I am Canadian. Those that recognize this reference know that the source comes from a slogan used in a popular commercial of one of Canada’s national prides – the beer. The commercial comes in many forms, and discusses why, we as Canadians (my apologies for lumping in any non-Canadians reading this), should be very proud of our country. There are many things to be proud of as a Canadian. We pride ourselves on our hockey teams, our Great Canadian Outdoors, our nation’s heart-stopping signature dish – poutine, accessible health care, and being “left-wing bike-riding pinkos.” We are proud that within our history, we were a pivotal part of the Underground Railroad, and were seen as leaders in the abolition movement.
What I am not proud of is my country’s current stance on human-trafficking. I recently read the book “Invisible Chains” by Benjamin Perrin, one of Canada’s few experts on human-trafficking. I was appalled to learn that out of eight industrialized nations, Canada was ranked at the bottom, receiving a grade of an F. In comparison, the United States received the highest grade, a B+. These rankings were based on best practices in terms of providing support for victims of human-trafficking. Canada’s approach to the issue is egregious. Instead of providing services, acknowledging and dealing with calls for reform, and creating policies that would protect and prevent further cases of human-trafficking, we deal with the issue by subjecting victims to routine deportation. Shame.
On top of this, Canada has a history of embarrassing behavior towards trafficking that exploits and marginalizes women. It was only recently that Canada finally abolished the “Exotic Dancer Visa”, a visa that completely deprived immigrant women of their human rights and dignity. An amendment to the Bill created shortcuts within the immigration system, allowing foreign exotic dancers to be fast-tracked through the system without case-by-case confirmation. This opened up a storm of poor documentation, and as a result, poor monitoring of the rights and legal status of these women. To qualify for this visa, women need only show a letter stating that the job was up for offer; this was often no more than a printout of an online advertisement. Foreign exotic dancers with job offers from Canadian employers could apply for and receive their work permit at a port of entry, without detailed scrutiny of the circumstances, underlying the demand for this service. Three-month long visas were granted to these women, but were held by their employers. Employers controlled the contracts, the women’s work hours, work locations, and pay. Recruitment fees were hidden within a woman’s earnings, and deducted from their salary for securing the job. Canada allowed women to work in a marginalized employment sector and gave their employers massive control over their status, work conditions, and lives. Double shame.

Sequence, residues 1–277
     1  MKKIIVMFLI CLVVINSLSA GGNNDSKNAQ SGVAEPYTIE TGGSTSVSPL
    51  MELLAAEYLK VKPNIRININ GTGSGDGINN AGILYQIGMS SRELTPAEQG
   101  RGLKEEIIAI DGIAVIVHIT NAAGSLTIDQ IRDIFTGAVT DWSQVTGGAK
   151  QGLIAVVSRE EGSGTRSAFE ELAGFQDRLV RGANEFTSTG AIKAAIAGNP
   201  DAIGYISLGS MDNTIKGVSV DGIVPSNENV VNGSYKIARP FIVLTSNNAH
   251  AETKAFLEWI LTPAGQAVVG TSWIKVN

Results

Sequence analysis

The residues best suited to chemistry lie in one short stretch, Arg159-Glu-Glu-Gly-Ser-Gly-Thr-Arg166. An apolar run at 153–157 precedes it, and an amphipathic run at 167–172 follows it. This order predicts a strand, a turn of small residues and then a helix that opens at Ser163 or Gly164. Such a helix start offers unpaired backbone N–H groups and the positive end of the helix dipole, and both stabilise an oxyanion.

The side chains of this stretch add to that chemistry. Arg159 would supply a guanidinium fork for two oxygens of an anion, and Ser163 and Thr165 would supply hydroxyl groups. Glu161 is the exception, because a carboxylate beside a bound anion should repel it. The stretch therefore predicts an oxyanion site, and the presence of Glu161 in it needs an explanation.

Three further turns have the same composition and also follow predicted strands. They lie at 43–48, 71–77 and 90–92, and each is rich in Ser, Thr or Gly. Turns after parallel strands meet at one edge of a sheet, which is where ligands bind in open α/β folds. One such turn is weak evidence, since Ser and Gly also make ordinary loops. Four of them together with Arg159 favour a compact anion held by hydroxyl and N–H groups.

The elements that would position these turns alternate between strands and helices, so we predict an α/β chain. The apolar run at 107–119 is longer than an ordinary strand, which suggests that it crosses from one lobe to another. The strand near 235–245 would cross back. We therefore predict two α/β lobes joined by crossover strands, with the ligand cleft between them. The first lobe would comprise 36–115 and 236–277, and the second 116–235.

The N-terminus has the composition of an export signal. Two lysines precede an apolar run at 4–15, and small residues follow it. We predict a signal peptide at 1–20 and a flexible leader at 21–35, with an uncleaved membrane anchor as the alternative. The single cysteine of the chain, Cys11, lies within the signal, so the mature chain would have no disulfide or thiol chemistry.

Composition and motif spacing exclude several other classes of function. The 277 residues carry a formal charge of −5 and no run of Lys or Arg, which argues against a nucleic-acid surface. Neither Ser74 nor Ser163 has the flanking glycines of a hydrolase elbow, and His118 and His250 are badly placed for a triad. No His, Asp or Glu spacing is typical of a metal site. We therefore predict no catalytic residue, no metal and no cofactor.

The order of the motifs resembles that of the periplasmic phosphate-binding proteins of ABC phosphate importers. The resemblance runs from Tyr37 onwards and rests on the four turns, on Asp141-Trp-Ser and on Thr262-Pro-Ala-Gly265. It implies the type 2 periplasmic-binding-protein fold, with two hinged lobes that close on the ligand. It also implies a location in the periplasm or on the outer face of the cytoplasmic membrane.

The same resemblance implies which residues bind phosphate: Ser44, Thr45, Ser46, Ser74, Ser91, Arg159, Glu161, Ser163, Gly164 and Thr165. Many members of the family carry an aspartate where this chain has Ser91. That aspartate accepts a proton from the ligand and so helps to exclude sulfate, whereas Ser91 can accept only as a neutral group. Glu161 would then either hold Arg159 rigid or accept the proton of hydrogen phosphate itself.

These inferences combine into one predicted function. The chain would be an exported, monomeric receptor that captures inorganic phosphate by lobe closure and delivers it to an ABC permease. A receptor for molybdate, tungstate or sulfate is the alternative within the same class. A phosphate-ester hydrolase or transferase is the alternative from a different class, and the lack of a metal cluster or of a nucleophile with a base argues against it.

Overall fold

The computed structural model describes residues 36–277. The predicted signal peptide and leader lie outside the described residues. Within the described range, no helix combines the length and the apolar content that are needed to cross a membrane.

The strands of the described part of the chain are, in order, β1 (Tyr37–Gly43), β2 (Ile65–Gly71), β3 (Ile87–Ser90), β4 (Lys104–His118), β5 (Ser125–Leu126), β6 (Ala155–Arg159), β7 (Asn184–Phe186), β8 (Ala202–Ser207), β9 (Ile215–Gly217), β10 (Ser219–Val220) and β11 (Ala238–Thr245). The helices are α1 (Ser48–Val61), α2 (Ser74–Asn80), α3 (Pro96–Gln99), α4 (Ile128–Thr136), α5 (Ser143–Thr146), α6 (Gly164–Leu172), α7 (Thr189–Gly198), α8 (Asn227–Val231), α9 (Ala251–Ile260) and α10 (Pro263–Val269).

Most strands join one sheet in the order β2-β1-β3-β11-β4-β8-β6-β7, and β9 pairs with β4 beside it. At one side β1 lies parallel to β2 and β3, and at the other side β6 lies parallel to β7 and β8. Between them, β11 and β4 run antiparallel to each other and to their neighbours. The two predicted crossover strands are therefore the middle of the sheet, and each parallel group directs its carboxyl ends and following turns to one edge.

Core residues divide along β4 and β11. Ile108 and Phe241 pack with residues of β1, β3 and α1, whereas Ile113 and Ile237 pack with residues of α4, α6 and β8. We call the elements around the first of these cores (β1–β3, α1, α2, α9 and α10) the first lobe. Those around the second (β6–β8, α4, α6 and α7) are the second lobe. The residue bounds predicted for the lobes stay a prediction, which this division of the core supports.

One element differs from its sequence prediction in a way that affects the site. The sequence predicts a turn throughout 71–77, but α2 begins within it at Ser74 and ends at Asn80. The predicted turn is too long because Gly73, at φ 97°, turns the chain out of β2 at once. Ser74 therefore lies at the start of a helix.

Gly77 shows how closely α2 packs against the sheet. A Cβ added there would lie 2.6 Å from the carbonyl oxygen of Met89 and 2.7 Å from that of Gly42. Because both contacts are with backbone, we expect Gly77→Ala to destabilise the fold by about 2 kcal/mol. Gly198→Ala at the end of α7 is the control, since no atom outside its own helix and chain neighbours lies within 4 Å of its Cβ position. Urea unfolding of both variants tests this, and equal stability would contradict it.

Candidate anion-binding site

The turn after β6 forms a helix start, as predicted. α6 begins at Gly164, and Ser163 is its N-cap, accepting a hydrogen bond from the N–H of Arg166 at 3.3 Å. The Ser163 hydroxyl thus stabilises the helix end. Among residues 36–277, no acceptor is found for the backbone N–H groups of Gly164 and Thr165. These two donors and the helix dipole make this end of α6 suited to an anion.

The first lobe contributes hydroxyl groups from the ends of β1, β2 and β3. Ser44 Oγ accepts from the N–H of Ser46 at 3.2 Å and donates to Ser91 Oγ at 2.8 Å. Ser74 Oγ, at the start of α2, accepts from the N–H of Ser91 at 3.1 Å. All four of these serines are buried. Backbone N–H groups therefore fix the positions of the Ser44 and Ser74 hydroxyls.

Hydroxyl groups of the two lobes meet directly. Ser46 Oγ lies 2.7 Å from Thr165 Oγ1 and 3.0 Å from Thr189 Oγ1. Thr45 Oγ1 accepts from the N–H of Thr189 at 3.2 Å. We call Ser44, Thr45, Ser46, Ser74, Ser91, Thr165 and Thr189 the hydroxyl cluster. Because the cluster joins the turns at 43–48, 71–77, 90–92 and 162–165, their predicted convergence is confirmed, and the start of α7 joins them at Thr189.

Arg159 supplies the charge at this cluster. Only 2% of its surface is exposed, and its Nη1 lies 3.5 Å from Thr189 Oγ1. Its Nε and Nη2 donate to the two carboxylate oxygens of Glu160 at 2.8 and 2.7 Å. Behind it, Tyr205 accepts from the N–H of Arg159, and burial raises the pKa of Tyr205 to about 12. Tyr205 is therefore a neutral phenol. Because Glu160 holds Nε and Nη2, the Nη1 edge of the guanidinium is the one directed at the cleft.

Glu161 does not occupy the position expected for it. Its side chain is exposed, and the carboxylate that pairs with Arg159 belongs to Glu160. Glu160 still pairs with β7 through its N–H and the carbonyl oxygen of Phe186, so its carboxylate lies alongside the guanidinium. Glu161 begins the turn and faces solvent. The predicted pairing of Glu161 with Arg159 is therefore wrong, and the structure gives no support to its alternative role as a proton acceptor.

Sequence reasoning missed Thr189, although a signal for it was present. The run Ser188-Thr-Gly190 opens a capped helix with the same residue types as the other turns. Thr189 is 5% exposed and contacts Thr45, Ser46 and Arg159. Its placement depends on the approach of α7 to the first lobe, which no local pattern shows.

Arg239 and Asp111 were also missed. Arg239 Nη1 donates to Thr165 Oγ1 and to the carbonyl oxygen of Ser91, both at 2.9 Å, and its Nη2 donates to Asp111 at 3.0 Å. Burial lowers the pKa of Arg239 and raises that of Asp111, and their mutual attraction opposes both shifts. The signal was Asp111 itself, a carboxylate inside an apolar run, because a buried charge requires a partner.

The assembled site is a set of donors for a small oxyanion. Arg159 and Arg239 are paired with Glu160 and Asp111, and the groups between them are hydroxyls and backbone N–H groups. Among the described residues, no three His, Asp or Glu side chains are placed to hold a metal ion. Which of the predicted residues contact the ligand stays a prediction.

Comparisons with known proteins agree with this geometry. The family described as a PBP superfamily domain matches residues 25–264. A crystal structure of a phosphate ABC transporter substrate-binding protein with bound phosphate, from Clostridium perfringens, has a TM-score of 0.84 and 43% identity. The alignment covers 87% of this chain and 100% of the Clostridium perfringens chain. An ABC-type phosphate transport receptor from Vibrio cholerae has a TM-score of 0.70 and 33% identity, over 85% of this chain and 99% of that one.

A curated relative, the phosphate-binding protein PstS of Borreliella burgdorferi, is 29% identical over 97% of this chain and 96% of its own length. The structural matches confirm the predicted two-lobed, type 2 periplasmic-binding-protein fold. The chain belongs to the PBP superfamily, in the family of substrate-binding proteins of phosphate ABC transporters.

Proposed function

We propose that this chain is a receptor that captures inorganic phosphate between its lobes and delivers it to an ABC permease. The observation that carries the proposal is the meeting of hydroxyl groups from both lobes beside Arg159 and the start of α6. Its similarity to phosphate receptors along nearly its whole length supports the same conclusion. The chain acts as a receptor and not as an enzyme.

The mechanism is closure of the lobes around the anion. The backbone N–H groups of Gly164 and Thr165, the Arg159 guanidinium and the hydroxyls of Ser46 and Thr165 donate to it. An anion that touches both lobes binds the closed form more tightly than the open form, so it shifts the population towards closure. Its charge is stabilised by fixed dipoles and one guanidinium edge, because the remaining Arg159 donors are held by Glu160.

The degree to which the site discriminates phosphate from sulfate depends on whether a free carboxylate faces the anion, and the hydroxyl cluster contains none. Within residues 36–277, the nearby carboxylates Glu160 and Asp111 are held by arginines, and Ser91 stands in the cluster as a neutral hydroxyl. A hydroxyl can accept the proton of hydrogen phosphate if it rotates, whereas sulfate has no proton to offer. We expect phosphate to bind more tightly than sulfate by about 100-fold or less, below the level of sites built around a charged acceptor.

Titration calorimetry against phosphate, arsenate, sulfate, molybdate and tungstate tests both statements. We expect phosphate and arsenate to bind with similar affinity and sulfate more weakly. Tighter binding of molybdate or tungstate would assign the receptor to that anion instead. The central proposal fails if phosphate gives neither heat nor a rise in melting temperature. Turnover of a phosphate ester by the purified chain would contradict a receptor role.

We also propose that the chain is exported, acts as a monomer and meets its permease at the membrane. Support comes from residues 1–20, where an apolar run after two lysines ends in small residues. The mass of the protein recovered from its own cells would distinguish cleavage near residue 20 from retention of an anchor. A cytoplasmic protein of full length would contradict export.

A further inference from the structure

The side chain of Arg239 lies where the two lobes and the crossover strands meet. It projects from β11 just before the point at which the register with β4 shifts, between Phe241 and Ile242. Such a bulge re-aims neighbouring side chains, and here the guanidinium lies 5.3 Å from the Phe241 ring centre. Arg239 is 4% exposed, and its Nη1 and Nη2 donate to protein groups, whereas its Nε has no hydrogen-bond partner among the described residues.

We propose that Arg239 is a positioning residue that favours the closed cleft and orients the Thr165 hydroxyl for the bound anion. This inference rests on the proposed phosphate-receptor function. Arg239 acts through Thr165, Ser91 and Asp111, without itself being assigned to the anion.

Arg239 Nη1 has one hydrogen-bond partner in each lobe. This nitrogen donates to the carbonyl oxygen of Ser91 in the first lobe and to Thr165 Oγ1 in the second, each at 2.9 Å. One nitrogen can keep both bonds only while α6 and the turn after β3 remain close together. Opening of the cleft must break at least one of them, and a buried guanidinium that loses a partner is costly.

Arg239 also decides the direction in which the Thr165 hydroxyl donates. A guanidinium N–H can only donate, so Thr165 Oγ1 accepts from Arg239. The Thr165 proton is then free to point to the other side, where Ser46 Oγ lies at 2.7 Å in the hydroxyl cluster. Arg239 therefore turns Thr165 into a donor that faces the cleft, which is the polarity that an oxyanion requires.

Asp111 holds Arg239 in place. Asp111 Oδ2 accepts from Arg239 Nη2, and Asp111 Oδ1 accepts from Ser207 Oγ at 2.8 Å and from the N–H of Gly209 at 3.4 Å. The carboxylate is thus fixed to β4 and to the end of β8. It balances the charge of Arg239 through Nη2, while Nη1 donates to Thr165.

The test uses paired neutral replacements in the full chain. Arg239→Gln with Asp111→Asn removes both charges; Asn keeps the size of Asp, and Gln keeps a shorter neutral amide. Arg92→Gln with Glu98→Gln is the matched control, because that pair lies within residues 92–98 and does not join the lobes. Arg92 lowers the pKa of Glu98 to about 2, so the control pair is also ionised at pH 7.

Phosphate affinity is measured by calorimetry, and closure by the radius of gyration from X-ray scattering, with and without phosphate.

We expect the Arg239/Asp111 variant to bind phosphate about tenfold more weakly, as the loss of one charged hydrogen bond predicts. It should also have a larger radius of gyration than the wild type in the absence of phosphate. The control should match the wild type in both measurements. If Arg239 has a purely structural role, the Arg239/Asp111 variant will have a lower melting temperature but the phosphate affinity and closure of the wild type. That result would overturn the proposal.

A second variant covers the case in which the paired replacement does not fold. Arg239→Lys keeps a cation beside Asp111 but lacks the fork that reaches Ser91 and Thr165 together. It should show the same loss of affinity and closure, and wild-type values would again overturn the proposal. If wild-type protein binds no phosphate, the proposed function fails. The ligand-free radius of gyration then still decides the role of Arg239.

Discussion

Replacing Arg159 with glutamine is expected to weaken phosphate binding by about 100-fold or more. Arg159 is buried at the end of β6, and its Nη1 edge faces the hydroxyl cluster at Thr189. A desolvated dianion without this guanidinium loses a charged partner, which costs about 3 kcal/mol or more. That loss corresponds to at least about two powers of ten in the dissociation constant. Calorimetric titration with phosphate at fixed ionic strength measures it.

There’s a lot of work that needs to be done within the Canadian system to prevent and protect human-trafficking. We refer to ourselves as “The True North strong and free;” until we make real efforts to abolish slavery on our ground, let’s re-evaluate our stance. Let’s remember that we were once the final destination of the Underground Railroad, and go back to being a leader in helping those that are trafficked. Let’s be proud to say “we stand on guard for thee,” and actually mean it. Call on your MP to adopt a national plan of action to combat human-trafficking. You can access your MP’s address here and find out more about what Canada is doing towards stopping human-trafficking.